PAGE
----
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Does stabilizing inflation contribute to stabilizing economic activity? a speech at the East Carolina University's Beta Gamma Sigma Distinguished Lecture Series, Greenville, North Carolina, February 25, 2008

  • Economics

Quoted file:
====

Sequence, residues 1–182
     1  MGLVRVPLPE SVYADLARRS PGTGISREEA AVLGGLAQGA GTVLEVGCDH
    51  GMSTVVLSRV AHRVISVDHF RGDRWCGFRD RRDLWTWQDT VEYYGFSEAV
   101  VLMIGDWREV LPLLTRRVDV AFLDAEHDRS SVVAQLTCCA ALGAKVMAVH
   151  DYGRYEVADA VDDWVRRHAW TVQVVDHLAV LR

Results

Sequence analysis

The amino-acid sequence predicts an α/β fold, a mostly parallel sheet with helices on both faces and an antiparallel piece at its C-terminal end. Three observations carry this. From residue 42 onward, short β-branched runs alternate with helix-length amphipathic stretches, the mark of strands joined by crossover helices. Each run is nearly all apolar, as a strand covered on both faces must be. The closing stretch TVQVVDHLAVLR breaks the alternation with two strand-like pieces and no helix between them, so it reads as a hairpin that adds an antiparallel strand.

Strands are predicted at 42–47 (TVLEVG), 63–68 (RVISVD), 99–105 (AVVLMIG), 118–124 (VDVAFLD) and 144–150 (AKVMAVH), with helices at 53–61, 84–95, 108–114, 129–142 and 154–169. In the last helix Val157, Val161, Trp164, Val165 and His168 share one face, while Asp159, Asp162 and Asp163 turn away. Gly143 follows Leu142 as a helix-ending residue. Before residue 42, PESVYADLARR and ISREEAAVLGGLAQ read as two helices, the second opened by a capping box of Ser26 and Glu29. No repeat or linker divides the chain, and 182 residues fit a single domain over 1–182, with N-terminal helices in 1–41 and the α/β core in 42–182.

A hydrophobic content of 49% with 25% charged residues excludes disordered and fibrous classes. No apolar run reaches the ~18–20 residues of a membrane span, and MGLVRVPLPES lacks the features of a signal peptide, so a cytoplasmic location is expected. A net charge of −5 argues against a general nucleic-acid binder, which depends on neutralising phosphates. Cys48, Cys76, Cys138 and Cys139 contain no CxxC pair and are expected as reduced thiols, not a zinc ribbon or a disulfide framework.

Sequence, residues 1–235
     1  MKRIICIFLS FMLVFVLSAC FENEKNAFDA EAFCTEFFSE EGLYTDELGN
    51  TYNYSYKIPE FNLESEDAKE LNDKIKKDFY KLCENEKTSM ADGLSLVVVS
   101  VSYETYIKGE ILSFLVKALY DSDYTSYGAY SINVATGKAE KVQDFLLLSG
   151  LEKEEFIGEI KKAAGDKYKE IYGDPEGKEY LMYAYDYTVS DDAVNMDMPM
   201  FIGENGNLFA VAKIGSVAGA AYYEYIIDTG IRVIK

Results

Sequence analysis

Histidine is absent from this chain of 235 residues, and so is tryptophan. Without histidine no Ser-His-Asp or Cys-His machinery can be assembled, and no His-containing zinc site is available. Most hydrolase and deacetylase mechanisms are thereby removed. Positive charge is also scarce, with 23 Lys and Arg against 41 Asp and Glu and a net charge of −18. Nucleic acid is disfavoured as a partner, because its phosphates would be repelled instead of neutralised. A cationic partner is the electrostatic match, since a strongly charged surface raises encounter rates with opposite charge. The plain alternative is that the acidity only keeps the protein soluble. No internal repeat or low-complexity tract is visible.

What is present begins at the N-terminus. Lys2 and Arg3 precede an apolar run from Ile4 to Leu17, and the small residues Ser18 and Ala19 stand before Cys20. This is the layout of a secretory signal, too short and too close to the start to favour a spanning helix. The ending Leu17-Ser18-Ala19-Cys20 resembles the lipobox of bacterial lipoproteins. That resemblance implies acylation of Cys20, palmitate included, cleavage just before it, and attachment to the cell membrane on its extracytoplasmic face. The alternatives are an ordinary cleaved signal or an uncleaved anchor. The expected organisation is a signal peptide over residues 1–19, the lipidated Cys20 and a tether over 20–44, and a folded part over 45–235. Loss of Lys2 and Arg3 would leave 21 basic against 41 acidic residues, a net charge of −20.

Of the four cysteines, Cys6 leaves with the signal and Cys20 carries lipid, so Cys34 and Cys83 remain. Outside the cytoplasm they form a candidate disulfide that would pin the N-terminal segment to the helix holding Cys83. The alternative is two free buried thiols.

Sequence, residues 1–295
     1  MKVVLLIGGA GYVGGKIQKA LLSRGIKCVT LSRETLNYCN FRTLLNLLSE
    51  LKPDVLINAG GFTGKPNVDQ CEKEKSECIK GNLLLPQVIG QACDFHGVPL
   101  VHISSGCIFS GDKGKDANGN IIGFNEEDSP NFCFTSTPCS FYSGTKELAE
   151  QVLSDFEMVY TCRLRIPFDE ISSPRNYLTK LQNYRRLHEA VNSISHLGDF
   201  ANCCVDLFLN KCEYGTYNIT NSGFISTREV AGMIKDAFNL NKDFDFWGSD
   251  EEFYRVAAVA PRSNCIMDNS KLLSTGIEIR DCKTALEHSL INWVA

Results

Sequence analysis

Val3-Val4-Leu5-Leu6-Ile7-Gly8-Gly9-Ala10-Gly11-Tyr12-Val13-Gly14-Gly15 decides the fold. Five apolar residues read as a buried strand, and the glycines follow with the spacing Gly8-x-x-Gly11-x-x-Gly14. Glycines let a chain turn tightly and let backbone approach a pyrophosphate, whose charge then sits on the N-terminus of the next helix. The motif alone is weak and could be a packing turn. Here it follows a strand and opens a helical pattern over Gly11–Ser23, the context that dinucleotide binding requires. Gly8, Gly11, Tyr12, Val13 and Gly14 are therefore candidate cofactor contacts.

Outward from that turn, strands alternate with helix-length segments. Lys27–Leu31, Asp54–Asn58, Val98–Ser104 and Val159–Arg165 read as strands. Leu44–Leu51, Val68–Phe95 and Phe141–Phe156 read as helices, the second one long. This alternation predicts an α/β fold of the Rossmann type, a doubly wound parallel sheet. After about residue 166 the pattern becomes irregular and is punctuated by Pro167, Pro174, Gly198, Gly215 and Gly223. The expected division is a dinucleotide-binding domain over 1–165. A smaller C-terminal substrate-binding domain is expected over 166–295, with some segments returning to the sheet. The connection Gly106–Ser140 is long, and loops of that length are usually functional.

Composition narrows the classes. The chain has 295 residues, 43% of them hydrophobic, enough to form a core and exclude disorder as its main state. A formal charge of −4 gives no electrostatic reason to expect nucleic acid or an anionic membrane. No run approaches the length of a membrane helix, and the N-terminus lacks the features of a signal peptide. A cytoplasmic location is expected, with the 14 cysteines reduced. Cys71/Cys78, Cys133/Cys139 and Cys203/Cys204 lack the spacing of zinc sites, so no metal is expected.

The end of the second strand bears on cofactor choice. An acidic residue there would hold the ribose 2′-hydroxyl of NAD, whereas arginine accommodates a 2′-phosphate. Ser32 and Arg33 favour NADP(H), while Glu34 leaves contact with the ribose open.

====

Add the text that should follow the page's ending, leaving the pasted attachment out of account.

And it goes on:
Why price stability? Abstract Reasoning within the New Neoclassical Synthesis (NNS) we previously recommended that price stability should be the primary objective of monetary policy. We called this a neutral policy because it keeps output at its potential, defined as the outcome of an imperfectly competitive real business cycle model with a constant markup of price over marginal cost. We explore the foundations of neutral policy more fully in this paper. Using the principles of public finance, we derive conditions under which markup constancy is optimal monetary policy. Price stability as the primary policy objective has been criticized on a number of grounds which we evaluate in this paper. We show that observed inflation persistence in U.S. time series is consis- tent with the absence of structural inflation stickiness as is the case in the benchmark NNS econo- my. We consider reasons why monetary policy might depart from markup constancy and price stability, but we argue that optimal departures are likely to be minor. Finally, we argue that the presence of nominal wage stickiness in labor markets does not undermine the case for neutral policy and price stability. 1. Introduction Building on new classical macroeconomics and real business cycle (RBC) analysis, macroeconomic models of the New Neoclassical Synthesis (NNS) incorporate intertem- poral optimization and rational expectations into dynamic macroeconomic models. Building on New Keynesian economics, the new synthesis models incorporate imperfect competition and costly price adjustment. Like the RBC program, the New Neoclassical Synthesis seeks to develop quantitative models of economic fluctuations. The combination of rational forward-looking price setting, monopolistic competition, and RBC components in benchmark NNS models provides considerable guidance for monetary policy, as we previously stressed in Goodfriend and King (1997).1 Monetary policy must respect the RBC determinants of real economic activity on average ov

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